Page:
Hula: It varies. We can talk for a moment about Beijing, where it’s been at times like pulling teeth. It’s been an unsatisfactory experience for the most part for the past few years, just culturally and with language barriers that have been difficult to surmount. After dealing with Olympic Games in Barcelona, Atlanta, Sydney, Athens – where all these cities have a very well cultivated public relations culture – they just don’t get it in Beijing. There’s little outreach to international journalists. They make things very complicated; they make it hard to find information. They lack continuous press contact. On top of that, I have to deal with a 12-hour time difference because I don’t have anybody working for me right now in Beijing. Even when I’m there, it can be a battle. Eventually, everything sort of gets done, but it’s not a well-oiled machine. It may be different the way they’re organizing the venue, the sports, the accommodations, et cetera, that may be all swell, but media operations have left a lot to be desired.
PRWeek: How many readers do you have?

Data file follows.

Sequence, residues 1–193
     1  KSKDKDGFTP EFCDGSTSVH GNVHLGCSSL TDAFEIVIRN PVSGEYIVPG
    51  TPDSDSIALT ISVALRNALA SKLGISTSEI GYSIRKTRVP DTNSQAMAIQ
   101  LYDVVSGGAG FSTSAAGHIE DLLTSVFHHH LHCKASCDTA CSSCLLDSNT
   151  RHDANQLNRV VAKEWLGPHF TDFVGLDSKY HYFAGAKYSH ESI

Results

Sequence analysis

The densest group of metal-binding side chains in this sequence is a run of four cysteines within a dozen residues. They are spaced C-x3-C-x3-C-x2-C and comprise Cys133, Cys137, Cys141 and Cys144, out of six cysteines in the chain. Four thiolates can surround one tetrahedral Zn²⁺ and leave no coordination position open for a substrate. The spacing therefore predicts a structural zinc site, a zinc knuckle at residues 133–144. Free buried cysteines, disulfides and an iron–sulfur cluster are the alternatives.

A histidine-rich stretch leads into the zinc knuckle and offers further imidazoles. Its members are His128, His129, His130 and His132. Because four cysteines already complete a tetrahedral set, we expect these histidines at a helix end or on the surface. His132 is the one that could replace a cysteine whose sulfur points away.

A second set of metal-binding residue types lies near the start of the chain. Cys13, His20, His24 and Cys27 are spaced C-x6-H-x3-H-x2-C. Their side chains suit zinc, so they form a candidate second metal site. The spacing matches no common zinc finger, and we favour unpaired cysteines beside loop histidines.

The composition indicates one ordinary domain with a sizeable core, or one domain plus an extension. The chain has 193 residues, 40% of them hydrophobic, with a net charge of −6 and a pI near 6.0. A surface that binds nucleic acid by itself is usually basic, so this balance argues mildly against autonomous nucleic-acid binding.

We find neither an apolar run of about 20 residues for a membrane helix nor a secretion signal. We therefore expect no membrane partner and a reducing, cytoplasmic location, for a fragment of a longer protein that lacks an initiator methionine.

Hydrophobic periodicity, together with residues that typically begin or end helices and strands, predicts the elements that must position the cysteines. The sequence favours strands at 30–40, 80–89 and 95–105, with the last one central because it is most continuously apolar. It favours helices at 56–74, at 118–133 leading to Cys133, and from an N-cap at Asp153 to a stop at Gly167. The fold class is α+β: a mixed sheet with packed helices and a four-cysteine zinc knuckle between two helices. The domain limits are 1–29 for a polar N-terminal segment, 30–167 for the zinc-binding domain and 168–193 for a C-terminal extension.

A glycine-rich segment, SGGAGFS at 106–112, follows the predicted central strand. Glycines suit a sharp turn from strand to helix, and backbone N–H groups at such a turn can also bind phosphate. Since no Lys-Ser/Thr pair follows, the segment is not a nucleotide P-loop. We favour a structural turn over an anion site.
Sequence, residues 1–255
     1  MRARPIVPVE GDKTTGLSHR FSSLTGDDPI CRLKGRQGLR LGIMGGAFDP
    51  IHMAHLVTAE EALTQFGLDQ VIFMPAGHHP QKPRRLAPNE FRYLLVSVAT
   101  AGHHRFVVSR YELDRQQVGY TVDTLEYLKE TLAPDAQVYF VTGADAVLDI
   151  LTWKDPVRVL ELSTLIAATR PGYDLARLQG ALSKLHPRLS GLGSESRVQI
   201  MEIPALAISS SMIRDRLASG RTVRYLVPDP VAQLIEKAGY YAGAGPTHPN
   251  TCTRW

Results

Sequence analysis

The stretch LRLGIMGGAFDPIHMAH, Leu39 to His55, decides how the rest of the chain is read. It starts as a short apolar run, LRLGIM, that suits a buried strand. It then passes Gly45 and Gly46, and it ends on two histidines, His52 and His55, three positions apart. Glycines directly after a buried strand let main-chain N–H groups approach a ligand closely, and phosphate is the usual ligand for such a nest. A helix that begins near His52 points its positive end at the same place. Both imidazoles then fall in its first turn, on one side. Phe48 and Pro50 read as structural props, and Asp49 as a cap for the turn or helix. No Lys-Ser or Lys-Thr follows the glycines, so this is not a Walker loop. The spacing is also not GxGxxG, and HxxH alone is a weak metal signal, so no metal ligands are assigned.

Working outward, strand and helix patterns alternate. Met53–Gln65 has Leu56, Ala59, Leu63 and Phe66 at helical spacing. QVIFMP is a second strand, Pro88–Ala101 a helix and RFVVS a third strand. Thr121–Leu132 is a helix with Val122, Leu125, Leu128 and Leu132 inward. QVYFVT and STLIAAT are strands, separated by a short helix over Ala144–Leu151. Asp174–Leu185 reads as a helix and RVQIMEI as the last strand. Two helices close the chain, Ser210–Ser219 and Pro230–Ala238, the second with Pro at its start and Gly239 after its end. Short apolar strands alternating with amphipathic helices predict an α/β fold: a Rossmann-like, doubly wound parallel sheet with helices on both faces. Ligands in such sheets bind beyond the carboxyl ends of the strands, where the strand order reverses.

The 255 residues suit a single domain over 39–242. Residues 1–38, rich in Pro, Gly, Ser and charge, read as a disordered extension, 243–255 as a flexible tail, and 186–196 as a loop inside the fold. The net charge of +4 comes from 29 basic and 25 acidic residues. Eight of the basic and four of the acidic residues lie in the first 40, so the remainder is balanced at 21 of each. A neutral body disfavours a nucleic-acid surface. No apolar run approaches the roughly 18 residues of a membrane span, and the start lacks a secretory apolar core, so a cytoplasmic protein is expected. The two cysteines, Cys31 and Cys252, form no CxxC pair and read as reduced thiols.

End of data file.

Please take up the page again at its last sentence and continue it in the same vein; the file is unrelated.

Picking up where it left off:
Hula: Through our subscription, it’s several thousand. Then, you can go to the Web site and see some things though not be able to read the stories. Page impressions are in the tens of thousands daily. The serious readers, we know who they are, are the decision makers in the Olympic business world: sponsors, broadcasters, IOC members, people who have a vested interest in the business of the games. So it’s a very targeted audience we have.
PRWeek: How did you get into this?
Hula: I was a radio news director in Atlanta while the city was bidding for the Olympics in the 1980s. It was one of the stories we were covering. I went off to Tokyo for the 1990 session and was with the Atlanta crew as the city’s name was read out. It was one of those moments of epiphany. You’re working in Atlanta and the Olympics will be there in six years. About a year or so later I left the radio network and went off on my own to follow Atlanta Olympic preparations for some radio stations. As you get immersed in the story, you discover all these other things going on with it. Then a newsletter publisher in Georgia encouraged me to follow up and make a newsletter.
PRWeek: Must be always interesting. Plus you get to travel all around the world.
Hula: Yeah, I never expected that either. That’s been pretty much part of the way we do business; we go where we need to go. We have some help. I’m exchanging emails right now with our guy in Germany so he can go to the IOC meeting at the end of the month in Stuttgart. That’s saves me some wear and tear but I still go a lot of places – I’ve flown about 100,000 miles this year.